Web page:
Unlike yesterday, suddenly, today,
on the orange wall opposite Claire’s hats
there are dream catchers.
Strings of lace
or white feathers
hang off the mandala-like hoops,
some with shiny fabric flowers in the middle,
or shells along their circumference.
One has a sequined butterfly,
while some are pierced through with arrows,
feathers on one end,
a pointed, paper, polka-dotted cone at the other –
And I dream that all this could be
for our own flowering
our private dreaming
our own lacey sleep,
seemingly illusory voyages
that we can transform into new
I practice my juggling here.
No one cares. I fit right in.
I’ve only had one lesson and want
another, the first was so much fun.
Oooh, la la! Those red, white and purple bean bags in the air
(the colors of the café’s armchair
and the French aprons for sale against the wall)!
My juggled dog lands on the floor
from the turns in the palms of my hands.
Then UP goes his biscuit! DOWN goes his water!
UP fly his ears, DOWN his tongue!
And he rolls over on the floor
where the bean bags fell
(My juggling needs some work).
I notice that the art of juggling my life
is no less challenging: juggling my poems,
my coaching; my eating, my yoga;
my friendships, too, sometimes up in the air.
(Some friends even leave. More stay.)
I juggle the plumber, the handyman,
even a contractor complete with crew,
as I tend to a house where things get tired and want to die
(never an easy place for anything or anyone).
I juggle the outside regulator, the indoor toilet,
leaks on window sills with my deck falling down the hill
because of shifting land
(What isn’t shifting?!).
Here at Café Mimosa I juggle my writing
with drinking my coffee with nodding at people,
with talking to others, and hugging still others
(but I can’t when I’m writing, like now).
UP with my pen! DOWN with my coffee!
UP the Topanga Messenger!
DOWN The New York Times!
UP in the air the green embroidered pillow
from one couch to another
to make my sitting really comfortable!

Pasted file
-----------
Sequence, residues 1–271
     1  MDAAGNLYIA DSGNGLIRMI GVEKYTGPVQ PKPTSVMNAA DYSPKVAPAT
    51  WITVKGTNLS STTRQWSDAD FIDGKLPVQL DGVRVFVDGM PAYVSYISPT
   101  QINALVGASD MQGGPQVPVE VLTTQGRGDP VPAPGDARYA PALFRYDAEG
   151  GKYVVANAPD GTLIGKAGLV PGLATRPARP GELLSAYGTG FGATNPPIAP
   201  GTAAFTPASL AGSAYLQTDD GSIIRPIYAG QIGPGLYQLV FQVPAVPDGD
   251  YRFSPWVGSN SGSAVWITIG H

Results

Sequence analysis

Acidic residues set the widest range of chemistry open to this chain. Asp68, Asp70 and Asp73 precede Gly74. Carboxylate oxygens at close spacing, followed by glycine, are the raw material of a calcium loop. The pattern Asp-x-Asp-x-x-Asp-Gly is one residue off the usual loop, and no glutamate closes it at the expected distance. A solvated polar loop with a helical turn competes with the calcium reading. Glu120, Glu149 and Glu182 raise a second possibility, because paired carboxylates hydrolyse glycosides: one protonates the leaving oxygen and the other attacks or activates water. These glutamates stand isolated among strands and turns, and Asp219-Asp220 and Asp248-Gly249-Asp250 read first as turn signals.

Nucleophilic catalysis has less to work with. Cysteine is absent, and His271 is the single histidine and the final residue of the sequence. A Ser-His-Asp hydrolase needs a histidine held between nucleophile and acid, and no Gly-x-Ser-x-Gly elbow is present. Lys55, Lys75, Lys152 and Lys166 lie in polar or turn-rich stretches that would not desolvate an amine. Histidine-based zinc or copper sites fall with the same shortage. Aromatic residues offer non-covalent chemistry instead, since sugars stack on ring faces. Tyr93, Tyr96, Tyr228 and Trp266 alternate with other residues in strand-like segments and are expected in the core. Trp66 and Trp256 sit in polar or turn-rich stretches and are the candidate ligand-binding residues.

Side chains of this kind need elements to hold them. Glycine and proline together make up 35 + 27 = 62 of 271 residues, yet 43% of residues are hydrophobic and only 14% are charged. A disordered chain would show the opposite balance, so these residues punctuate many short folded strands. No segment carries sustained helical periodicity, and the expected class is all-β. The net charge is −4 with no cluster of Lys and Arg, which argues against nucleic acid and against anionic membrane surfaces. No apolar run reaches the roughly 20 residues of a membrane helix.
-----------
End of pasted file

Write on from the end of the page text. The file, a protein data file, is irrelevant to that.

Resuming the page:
Who says I’m not a circus clown
(I actually was one)
or that Mimosa is not a circus, Claire its Ringmaster?
And wasn’t that my little dog just now
prancing between my long and sturdy legs,
like the dog in Circus Flora running underneath
the mighty Clydesdale (always my favorite trick).
And who’s that clown in the red cotton shirt
who barely saved himself from a perfect
PRATFALL, tripping over the dog leash
scarcely visible on the floor?
Who in here is not a clown?
Who is not a circus artist?
Who indeed is not a perfect
I compliment Jack (a regular)
on his brown and green
cotton flannel shirt
and he answers
“Tryin’ to stay cozy in this world.”
We all want cozy.
Sometimes a flannel shirt will do it,
sometimes a happy meal with friends
in a toasty kitchen.
Sometimes it’s a hug or being curled up
with your favorite curled up cat or dog,
And sometimes –
it’s a café.
Five pm the café closes, and,
as at my yoga studio,
whoever is in charge sweeps up –
sometimes Al, sometimes Susan –
the end of the day like the end of a life
no debris left, the body and bones gone.
And what remains is the joy,
its ripples spinning into the world,
endlessly entering, a surge, a swell into the world
which remembers the joy, reverberations of old laughter,
never forgotten conversations,
the thrill of meeting an old friend
or discovering a new one, hearing an old joke
or eating a new and perfect soup.
And yes there has also been pain in the room —
after someone’s heart has just been broken
or one of the regulars dies.
How many people have cried there on my shoulder,
tears which only bless our faces,
wash us clean like the café floor,
the clean table tops and kitchen surfaces,
water just a little like the Perriers
and Arrowheads for sale in the fridge,
special baptisms, all holy water,
like the special teas and coffees
or even the smoothies made to order.
But what remains is the joy, not the pain;
and maybe just a sip of Claire’s new coffee
has served to make it right again.
Jane Marla Robbins
A finalist for a CAPS Grant in Poetry from the National Endowment of the Arts, Jane is the author of Café Mimosa in Topanga, Poems of The Laughing Buddha, and Dogs in Topanga.
Her self-help book, Acting Techniques for Everyday Life: Look and Feel Self-Confident in Difficult Real-Life Situations, and its accompanying deck of cards, Perform At Your Best: Acting Techniques for Business, Social, and Personal Success, won the Gold Axiom Business Book Award. Jane teaches workshops with the techniques in Topanga, at universities and corporations, and coaches privately.
Commissioned by the Kennedy Center in Washington D.C. to write and perform the one-woman play, Reminiscences of Mozart by His Sister, Jane also performed it at Lincoln Center in New York. Her one-woman play, Miriam’s Dance, in verse, was produced in New York and Los Angeles. Her most recent play, A Radical Friendship, a two-hander about Martin Luther King Jr. and Rabbi Abraham Heschel, has been seen in New York and Los Angeles starring Ed Asner.
For more information go to www.janemarlarobbins.com